Rumours abound that the vote was rigged, but you won't read about it in the newspapers. While there is no official press censorship, editors have learnt that it is not wise to inquire too deeply into affairs of state. A year ago, under the Winnie Mandela presidency, the over-curious political correspondent of a small 'alternative' newspaper was assassinated in mysterious circumstances after publishing an expose of corruption involving ministers, trade union leaders and members of the board of a gold-mining conglomerate.
Another thing you rarely read about in the press is the unrest among the impoverished peasants of the Northern Transvaal. The army and security police are scouring the villages searching for the leaders of the 'Steve Biko National Revolutionary Front'. According to Amnesty International, a dozen members of the Biko Front have 'disappeared' in the past six months. . .
IN THE new South Africa, the danger, contrary to conventional opinion, is not that the 'communists' in the ANC will take over, but that they will break away, go undergound and pursue once more the path of insurrection.
The best analogy for what may be in store lies not in Stalinist Russia but in Mexico, where the aptly named Institutional Revolutionary Party (PRI) came to power in 1929 bulging with promises of social change. It has remained in power ever since, paying lip service to the notion of revolution, of land for the landless, of economic redistribution - but in truth retaining power for power's sake, striking a cosy pact with the big corporations and the urban unions at the expense of the rural poor, and evolving into what has been called 'the perfect dictatorship'.
Today the peasants, inspired by the memory of their martyred hero Emiliano Zapata, are revolting.
Sufficient similarities exist already between the decadent PRI and the ANC government- to-be for the alarm to be sounded in South Africa. Nelson Mandela, the ANC president, is a hugely powerful figure to whom everybody in the organisation's national executive defers. Happily, he is a good and noble man. The problem is that the all-powerful presidency might become institutionalised, and who knows what manner of petty tyrants might follow?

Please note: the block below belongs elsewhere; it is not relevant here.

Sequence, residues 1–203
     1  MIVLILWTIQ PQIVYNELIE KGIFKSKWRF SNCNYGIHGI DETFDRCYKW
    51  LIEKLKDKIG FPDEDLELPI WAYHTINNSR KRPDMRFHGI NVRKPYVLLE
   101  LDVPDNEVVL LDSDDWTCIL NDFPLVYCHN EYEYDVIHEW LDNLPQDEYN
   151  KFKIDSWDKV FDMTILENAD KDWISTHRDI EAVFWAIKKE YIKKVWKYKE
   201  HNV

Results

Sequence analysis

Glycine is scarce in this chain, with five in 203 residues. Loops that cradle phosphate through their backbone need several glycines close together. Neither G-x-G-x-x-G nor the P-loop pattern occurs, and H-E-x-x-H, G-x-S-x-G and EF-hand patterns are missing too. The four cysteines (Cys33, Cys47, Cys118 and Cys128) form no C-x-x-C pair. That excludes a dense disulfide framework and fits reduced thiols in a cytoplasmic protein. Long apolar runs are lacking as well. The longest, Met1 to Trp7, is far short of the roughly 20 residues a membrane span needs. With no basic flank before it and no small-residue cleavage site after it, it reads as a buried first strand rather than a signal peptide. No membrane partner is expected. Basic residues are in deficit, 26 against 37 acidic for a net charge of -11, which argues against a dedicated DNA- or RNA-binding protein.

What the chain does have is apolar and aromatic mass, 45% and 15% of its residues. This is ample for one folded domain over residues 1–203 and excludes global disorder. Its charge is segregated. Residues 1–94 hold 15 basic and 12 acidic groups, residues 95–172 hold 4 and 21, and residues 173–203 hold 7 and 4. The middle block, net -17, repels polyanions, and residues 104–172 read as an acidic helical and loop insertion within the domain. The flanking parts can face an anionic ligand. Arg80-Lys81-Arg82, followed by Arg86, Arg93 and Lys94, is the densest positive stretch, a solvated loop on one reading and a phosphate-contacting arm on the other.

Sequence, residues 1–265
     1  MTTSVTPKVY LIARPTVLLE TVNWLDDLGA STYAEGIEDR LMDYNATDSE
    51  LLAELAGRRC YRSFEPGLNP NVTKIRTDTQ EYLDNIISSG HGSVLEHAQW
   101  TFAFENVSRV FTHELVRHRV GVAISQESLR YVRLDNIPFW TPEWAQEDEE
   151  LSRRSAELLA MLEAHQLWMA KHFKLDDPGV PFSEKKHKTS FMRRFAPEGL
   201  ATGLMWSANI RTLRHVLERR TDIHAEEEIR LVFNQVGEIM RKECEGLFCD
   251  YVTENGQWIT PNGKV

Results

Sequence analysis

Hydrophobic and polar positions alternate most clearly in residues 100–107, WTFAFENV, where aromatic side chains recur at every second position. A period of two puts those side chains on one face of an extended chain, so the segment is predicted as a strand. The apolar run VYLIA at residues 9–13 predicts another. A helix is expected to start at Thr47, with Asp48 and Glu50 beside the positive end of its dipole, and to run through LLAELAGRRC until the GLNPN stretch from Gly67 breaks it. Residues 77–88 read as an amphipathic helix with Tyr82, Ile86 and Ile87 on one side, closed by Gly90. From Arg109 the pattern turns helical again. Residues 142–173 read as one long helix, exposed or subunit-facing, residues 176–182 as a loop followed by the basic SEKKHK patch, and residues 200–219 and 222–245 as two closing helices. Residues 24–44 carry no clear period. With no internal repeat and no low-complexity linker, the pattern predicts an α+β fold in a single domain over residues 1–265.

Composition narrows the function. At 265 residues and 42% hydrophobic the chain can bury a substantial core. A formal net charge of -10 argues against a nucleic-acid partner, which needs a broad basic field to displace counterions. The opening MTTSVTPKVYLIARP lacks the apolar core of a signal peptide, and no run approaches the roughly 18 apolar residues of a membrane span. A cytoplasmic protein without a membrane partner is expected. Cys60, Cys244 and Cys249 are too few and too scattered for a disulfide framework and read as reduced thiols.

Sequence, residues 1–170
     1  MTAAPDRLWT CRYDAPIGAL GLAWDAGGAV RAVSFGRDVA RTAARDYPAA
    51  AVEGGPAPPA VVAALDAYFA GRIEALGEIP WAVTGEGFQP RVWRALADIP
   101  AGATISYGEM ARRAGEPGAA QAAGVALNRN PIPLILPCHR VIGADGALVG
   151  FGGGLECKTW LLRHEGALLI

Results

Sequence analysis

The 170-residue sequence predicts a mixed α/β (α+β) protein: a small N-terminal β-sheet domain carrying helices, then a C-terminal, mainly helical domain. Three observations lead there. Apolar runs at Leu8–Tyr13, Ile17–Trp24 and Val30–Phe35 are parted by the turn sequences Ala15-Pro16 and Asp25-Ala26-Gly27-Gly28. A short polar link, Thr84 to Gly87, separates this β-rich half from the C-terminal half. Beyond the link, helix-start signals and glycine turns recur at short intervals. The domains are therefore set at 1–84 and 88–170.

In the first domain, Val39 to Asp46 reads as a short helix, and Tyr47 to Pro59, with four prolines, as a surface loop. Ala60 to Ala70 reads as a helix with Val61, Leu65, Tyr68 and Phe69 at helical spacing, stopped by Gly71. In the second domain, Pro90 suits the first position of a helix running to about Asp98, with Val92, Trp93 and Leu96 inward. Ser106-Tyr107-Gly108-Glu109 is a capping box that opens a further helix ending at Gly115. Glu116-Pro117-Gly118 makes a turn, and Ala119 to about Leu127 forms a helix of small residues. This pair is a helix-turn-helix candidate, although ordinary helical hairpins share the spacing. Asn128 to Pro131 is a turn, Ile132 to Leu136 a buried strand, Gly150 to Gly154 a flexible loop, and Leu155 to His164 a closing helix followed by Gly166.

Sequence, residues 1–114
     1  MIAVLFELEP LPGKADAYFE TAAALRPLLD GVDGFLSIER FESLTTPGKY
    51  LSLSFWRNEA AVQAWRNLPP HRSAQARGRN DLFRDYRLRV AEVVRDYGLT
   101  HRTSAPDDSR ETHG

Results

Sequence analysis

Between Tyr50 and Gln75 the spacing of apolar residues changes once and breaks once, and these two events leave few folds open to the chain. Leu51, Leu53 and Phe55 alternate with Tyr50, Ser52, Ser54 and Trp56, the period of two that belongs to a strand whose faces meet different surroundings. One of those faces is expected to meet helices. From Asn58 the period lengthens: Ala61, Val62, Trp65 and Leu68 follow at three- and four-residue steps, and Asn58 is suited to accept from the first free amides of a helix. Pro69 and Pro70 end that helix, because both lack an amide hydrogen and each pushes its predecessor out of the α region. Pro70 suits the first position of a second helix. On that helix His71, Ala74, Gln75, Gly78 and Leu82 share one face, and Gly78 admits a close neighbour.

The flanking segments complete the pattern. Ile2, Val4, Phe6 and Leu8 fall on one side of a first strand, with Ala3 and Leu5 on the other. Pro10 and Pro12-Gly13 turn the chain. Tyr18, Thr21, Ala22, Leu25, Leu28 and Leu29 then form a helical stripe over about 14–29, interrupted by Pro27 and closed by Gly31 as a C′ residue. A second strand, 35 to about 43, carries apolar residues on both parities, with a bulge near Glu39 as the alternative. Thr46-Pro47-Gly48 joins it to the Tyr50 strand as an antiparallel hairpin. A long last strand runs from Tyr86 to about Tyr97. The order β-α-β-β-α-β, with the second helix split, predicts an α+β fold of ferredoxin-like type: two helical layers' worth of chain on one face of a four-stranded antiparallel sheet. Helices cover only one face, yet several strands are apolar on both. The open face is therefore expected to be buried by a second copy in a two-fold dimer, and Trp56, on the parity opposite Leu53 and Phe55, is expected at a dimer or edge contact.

Take Mr Mandela's wife. She provides a perfect example of a budding tendency in the ANC to do as the PRI has done and put the exercise of power above morality and the rule of law, in this case by incorporating individuals, however unsavoury, who might pose a threat as outsiders. Winnie Mandela has been linked to the embezzlement of ANC funds, she has been found guilty of kidnapping and assaulting four black youths, she conducted a three-year reign of terror with the 'Football Club', her personal bodyguard in Soweto. But she commands a populist appeal which, if turned against the ANC, could undermine its power base. The response has been to sanction her misdeeds, hoist her on board, put her in parliament, promote her political career.
As with Mrs Mandela, so with the army and police. A handful of generals may be handsomely pensioned off after the ANC comes to power but most will be forgiven for past atrocities, kept where they are and bought off with tanks, aircraft, frigates. Idealistic notions of slashing the defence budget and using the money to build health clinics could simply fade away. More sinister, the seeds of a new relationship between the ANC and the police emerged last month after ANC security personnel gunned down eight Inkatha supporters in central Johannesburg. The police acceded to an ANC request not to go into ANC headquarters to conduct ballistics investigations.
The ANC may also prove unable to resist the temptation to try to neutralise its old 'struggle' allies in the Congress of South African Trade Unions. It is not unlikely that, after a power struggle, union leaders will make it their priority to preserve the health of the new state apparatus.
As for business, it has been busy courting ANC leaders since their return from prison and exile in 1990. Sol Kerzner, the sleazy owner of Sun City and other casino resorts in the corrupt old apartheid 'homelands', paid for the 50th birthday party two years ago of one of Mr Mandela's two possible successors, ANC national chairman Thabo Mbeki. Mr Kerzner and others have dispensed numerous other little favours to the ANC nomenclatura.
The ANC's behaviour towards the press in recent weeks has provided hints that criticism will not easily be tolerated. At least two journalists have been targeted for ANC opprobrium - one personally condemned and the other pointedly marginalised.
The ANC leadership is comprised almost entirely of city sophisticates more at ease with their white National Party counterparts, the captains of industry and the aspirant union bourgeoisie, than with the tribally rooted rural masses. Look out for a new compact of power that marginalises 'the oppressed' in the countryside. Look out for the non-racial dictatorship. Look out for the peasantry - outsiders at the feast - peering in through the windows of the Union Buildings, glancing from their old masters to their new ones and unable to tell the difference.